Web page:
After a hiccup or two, Warner Bros. has officially started moving on a big-budget Tarzan movie, announcing a release date and confirming the players appearing in the next film from David Yates.
The studio has scheduled this new Tarzan for July 1, 2016.
Will Paul Greengrass be the guy to finally make The Stand into the epic motion picture event that Warner Bros. and CBS Films are dreaming of?
Too early to say with any authority.
Apparently, though, he's at the top of the directorial wishlist to tackle Stephen King's humdinger of a novel.
Only last week, it emerged that David Yates, the director behind the last four Harry Potter movies, decided to make a Tarzan movie for Warner Bros. Immediately, the big question was just which hunk of muscle would don a loincloth to play Edgar Rice Burroughs' jungle hero. The answer may already be forthcoming, as it looks like Alexander Skarsgard has emerged as the frontrunner to star in Tarzan.
Earlier this year, Disney attempted to make a big blockbuster following John Carter, the Edgar Rice Burroughs hero who has influenced science-fiction stories for a century. The result was not a commercial success, but Carter isn't exactly a household name, and Warner Bros. is proceeding with a movie for a far more well-known Burroughs creation: Tarzan.
Now, it looks like the studio has found a director to bring the Ape Man back to life in live-action: David Yates.
Just how much does the movie industry like awards? So much so that lists must be compiled of favorite movies that don't actually exist. That's not exactly true, but we're talking about the Black List, an annual compilation of the finest unproduced screenplays of the year (not a McCarthyist list of suspected Communists whose lives are now ruined). To put it in perspective, the 2008 list included both 50/50 and The Descendants. The seventh list was released today by Black List founder Franklin Leonard, and it's topped by The Imitation Game, a biopic of Alan Turing, the mathematician who developing the Turing Test and had a strange, strange existence. That film will probably get made at Warner Bros, possibly with David Yates directing.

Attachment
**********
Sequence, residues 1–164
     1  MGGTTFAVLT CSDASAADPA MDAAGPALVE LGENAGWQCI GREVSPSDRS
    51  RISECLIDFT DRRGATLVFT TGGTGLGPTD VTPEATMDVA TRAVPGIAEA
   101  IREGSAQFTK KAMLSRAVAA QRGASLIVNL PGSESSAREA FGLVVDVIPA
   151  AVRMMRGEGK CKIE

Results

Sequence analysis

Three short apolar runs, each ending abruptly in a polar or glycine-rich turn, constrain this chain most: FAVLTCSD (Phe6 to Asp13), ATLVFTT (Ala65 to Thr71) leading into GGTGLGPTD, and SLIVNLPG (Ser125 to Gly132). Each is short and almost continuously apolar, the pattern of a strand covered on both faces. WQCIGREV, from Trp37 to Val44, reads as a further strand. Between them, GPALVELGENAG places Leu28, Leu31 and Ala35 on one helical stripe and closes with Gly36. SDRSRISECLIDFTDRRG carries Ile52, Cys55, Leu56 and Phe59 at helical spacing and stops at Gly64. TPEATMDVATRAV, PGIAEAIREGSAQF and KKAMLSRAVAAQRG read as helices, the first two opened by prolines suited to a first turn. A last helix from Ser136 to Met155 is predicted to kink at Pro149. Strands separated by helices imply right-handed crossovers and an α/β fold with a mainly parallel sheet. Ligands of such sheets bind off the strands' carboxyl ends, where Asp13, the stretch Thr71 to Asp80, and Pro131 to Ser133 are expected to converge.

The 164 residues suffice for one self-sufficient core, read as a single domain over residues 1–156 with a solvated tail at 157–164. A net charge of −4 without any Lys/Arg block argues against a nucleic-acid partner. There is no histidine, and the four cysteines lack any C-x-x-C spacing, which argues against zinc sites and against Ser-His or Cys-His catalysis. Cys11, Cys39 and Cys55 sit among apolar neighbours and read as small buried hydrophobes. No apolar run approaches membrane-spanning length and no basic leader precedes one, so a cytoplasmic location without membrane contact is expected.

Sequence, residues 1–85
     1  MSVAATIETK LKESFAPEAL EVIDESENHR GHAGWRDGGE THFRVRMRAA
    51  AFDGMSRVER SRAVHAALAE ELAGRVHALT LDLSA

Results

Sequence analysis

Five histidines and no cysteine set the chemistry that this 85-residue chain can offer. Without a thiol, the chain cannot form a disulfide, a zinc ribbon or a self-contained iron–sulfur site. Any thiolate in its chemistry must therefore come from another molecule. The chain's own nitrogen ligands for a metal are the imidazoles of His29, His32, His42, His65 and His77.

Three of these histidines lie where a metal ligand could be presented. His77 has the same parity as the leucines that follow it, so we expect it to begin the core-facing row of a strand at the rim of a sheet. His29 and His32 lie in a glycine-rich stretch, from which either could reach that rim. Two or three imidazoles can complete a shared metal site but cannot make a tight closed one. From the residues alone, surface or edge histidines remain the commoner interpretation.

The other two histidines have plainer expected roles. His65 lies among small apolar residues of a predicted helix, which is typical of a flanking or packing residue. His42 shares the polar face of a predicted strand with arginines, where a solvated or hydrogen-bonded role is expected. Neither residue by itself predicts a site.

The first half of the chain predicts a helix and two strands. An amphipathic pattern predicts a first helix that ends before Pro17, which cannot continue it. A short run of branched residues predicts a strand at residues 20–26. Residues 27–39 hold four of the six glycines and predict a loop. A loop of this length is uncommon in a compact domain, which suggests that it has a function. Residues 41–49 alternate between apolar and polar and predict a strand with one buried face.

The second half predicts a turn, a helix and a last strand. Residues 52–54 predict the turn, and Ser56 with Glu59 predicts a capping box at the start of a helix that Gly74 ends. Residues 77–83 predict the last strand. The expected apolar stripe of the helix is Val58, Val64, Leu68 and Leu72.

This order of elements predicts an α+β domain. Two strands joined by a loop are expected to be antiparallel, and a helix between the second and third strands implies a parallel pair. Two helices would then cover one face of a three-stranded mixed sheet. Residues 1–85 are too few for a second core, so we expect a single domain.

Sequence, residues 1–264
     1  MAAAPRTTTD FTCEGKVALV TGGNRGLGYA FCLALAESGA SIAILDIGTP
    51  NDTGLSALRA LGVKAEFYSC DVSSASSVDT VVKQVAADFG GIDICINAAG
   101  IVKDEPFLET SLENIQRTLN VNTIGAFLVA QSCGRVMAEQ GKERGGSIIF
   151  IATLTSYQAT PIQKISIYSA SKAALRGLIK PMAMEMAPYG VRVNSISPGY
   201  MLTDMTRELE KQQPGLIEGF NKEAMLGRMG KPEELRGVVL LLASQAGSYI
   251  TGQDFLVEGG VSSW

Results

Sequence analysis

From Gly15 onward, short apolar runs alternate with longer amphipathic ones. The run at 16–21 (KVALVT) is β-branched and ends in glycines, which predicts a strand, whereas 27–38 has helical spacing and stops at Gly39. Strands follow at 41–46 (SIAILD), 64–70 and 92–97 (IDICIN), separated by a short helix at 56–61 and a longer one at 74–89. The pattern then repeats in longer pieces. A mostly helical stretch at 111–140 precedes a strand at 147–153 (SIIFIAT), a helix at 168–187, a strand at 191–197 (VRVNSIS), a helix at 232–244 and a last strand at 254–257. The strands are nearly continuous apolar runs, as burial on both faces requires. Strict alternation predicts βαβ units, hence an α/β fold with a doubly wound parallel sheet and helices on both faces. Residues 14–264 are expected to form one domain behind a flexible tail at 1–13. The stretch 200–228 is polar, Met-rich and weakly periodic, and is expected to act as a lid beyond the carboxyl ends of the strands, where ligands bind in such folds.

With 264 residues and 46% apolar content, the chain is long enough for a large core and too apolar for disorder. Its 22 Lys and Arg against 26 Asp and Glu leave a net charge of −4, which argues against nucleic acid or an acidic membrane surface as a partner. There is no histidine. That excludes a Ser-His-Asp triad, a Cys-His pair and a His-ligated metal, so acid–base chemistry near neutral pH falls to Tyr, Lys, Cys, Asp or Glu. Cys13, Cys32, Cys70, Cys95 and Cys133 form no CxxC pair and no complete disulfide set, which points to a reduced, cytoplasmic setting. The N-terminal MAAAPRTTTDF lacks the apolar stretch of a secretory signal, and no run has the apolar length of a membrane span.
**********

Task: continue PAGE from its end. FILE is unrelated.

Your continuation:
The West Coast is finally going to get punch drunk on Butterbeer. Warner Bros and Universal Studios have formally announced that The Wizarding World of Harry Potter, the theme park attraction which has been doing gangbusters business in Orlando, Florida, will be getting a counterpart at Universal Studios in Hollywood. That's right, just because the theatrical franchise concluded with Harry Potter and the Deathly Hallows: Part 2 doesn't mean that JK Rowling's world of the Boy Who Lived can't continue to be a cash cow with golden teats. Not only will Hogwarts and Hogsmeade show in Los Angeles, but the original location is also set for an expansion. The space previously occupied by the Jaws Amity Island attraction at Universal Studios Orlando will soon be home to Harry Potter's London, Diagon Alley, and The Hogwarts Express.